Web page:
Technically, the film is as beautiful as Birdman, but in a completely different setting. Where that film found beauty in everyday, modern life, The Revenant finds beauty in nature and contrasts that beauty with the constant threat of violence; an awe-inspiring set of clouds soon brings a scourging blizzard; a peaceful forest gives way to a savage bear attack; a painterly dawn signals a brutal raid. Whether photographing naturalistic beauty or brutal violence, The Revenant is stunning. Sporting the same floating camera that cinematographer Emmanuel Lubezki has used in recent films such as Tree of Life and Birdman, the viewer is placed directly into the action, whipping left and right during the bear attack, maneuvering their way through swaying trees as Glass fords knee-high snow, and ducking under whizzing arrows during a Ree raid; its unpredictable and somehow always picturesque. The orchestration of such complex scenes and their perfect execution can be attributed to both Lubezki and Iñárritu, whose filmmaking prowess continues to astound. The bear attack alone is a scene worthy of study, fashioned to appear as a single, uninterrupted take that is as thrilling as it is cringe-inducing, displaying the sort of unpredictability that one would think could only be found in real life. The stunning visuals are supported by an equally stunning and atmospheric score by Ryuichi Sakamoto, Bryce Dessner, and Carsten Nicolai. Featuring rambling, dissonant percussion as well as ambient tones and emotional orchestral elements, it provides a fitting auditory experience that enhances the bleakness of Glass’ quest as well as reinforcing the harsh beauty of the wilderness.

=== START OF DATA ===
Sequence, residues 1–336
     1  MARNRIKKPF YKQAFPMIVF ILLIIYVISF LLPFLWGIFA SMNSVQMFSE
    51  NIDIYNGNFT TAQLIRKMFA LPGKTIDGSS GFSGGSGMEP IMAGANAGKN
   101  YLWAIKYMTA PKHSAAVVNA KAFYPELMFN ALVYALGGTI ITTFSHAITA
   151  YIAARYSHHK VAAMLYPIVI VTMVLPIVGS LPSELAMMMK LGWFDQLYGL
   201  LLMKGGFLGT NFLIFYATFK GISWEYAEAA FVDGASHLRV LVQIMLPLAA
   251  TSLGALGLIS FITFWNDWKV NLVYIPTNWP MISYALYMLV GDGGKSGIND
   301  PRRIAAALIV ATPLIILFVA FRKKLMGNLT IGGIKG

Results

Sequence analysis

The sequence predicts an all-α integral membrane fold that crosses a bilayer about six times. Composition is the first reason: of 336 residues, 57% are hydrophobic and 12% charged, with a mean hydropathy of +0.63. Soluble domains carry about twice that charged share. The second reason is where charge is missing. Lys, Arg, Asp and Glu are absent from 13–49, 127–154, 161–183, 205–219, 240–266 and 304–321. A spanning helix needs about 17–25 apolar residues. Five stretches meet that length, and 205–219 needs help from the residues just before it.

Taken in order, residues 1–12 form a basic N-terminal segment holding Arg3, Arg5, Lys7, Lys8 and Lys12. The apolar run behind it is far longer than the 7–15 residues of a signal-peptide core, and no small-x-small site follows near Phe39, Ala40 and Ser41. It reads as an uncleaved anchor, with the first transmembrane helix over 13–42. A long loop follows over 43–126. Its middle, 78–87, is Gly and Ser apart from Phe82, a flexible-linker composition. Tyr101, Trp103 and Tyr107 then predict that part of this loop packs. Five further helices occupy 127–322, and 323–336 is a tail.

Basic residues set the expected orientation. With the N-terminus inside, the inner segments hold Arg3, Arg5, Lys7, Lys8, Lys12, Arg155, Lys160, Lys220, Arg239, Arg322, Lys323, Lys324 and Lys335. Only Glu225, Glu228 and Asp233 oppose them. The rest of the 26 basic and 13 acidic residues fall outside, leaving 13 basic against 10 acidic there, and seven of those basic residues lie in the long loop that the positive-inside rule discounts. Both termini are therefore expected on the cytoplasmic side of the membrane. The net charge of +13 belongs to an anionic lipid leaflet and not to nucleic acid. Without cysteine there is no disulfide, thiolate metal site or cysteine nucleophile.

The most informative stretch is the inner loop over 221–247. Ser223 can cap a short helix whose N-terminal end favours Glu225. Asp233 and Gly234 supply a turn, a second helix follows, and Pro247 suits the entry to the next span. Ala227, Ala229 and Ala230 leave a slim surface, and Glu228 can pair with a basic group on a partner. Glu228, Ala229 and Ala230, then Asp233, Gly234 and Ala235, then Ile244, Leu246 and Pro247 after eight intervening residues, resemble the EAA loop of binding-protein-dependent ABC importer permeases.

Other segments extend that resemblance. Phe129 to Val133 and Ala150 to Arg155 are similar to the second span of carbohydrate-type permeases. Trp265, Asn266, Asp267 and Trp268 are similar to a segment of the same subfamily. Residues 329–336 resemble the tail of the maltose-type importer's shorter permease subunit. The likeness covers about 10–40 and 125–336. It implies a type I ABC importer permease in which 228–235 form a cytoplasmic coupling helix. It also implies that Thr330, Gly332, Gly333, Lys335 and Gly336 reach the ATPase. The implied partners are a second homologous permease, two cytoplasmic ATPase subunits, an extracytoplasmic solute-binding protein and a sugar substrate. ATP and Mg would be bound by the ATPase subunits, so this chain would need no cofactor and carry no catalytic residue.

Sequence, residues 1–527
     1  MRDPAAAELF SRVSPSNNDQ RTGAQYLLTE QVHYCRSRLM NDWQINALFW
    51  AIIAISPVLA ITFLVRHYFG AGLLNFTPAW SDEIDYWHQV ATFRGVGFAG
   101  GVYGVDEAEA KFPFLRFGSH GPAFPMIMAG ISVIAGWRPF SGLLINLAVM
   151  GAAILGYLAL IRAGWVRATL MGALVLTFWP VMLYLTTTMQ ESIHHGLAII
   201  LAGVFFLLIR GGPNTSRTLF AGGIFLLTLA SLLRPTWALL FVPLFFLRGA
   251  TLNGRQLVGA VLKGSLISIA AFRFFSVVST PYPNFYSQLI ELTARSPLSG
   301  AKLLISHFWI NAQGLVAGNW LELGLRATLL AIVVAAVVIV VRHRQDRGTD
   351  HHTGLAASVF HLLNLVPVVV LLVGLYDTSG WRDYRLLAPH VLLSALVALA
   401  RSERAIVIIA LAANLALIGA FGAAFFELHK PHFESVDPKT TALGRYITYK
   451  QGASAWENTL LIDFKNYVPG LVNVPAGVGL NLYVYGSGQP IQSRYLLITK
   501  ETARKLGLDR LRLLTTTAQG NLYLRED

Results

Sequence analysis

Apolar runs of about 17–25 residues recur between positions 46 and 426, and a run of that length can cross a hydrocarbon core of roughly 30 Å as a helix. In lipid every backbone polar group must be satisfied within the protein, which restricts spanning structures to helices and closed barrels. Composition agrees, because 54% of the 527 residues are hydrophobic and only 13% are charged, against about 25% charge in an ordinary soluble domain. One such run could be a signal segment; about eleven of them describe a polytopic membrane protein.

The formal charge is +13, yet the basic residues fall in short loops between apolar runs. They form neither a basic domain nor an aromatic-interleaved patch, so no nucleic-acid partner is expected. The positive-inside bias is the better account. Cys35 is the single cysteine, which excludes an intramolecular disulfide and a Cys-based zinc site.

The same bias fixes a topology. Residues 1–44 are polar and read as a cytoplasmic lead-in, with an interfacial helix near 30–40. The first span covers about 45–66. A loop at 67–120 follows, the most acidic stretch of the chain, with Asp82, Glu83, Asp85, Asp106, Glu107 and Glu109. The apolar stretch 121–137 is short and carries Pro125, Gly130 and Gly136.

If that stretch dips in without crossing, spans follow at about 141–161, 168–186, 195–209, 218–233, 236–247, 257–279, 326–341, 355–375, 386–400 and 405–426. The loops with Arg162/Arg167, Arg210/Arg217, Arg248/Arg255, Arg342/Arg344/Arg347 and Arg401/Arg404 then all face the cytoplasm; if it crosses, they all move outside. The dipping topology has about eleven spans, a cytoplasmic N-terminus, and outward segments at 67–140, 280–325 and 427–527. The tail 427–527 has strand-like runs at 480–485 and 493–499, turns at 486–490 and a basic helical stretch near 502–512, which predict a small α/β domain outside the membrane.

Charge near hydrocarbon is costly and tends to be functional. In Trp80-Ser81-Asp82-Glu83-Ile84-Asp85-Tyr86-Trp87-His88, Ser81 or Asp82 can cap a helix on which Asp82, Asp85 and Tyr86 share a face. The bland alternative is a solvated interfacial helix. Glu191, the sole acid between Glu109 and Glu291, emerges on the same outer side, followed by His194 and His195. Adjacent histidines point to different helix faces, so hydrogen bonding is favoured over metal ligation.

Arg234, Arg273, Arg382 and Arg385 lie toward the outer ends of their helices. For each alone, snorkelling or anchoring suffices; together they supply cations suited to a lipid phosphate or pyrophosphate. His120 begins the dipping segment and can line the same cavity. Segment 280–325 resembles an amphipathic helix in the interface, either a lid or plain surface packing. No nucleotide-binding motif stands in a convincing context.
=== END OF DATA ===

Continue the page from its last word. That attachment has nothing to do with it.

What more can be said about The Revenant? It’s a story about revenge; about a tumultuous time where humans battled nature as much as they battled each other; about the cyclical nature of violence and the high cost of its pursuit. In all respects, it is an unflinching portrait of survival, populated by actors who embody the characters on screen, filmed by a modern master of cinema and his equally talented cinematographer. Overall, it is a brilliant and unforgettable experience that demands to be seen.


One thought on “Thoughts on The Revenant

  1. Pingback: The Taylor Awards 2016 | Wax Poetic